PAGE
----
Judge Denies Motion to Dismiss Challenge
to Nonaddition Rule at Van Nuys Airport


FEBRUARY 15, 2001
WASHINGTON, D.C.

In a ruling announced yesterday, a federal district judge in Los Angeles denied the City of Los Angeles's motion to dismiss the lawsuit that had been filed in August 2000 by the National Business Aviation Association (NBAA) and other business aviation entities challenging the legality of the "nonaddition rule" for stage-2 jet aircraft at Van Nuys Airport.

The lawsuit seeks a declaratory order that the nonaddition rule is unconstitutional and unlawful and seeks a permanent injunction preventing the City of Los Angeles from enforcing the rule.

The City had filed its motion to dismiss the lawsuit in October, arguing that the matter should have been brought to the Federal Aviation Administration rather than to the court. At yesterday's court session, Judge Stephen V. Wilson set May 1, 2001, as the trial date for the lawsuit.

The Van Nuys nonaddition rule was adopted by Los Angeles in April 2000 and became effective in June. Generally speaking, the nonaddition rule prohibits most stage-2 aircraft that were not based at Van Nuys during calendar year 1999 from being based at or otherwise parked, tied down, or hangared at the airport for more than 30 days in any succeeding year.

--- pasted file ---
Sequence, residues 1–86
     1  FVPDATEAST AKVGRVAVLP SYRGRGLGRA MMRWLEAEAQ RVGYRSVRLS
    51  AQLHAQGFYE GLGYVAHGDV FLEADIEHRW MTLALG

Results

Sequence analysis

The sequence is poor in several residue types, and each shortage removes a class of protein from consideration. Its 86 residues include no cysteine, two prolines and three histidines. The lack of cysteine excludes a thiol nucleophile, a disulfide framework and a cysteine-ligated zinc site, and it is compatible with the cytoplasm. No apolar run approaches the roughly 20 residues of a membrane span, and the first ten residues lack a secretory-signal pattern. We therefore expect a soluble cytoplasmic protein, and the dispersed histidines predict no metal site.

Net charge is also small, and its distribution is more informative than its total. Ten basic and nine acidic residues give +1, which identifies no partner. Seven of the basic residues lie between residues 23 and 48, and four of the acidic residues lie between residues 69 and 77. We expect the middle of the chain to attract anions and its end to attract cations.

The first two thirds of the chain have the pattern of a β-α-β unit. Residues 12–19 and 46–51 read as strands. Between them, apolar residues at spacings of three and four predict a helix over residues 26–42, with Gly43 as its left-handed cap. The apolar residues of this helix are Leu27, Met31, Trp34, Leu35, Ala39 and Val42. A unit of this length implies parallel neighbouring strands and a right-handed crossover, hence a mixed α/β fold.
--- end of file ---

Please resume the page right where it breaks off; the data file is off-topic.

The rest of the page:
Two other aviation trade organizations -- the General Aviation Manufacturers Association (GAMA) and the National Air Transportation Association (NATA) -- are plaintiffs in the lawsuit, as are five aviation businesses located at Van Nuys -- Clay Lacy Aviation, Elite Aviation, Inc., Jetwest International, Skytrails Aviation, and The Air Group Inc.

Source: PRNewswire, National Business Aviation Association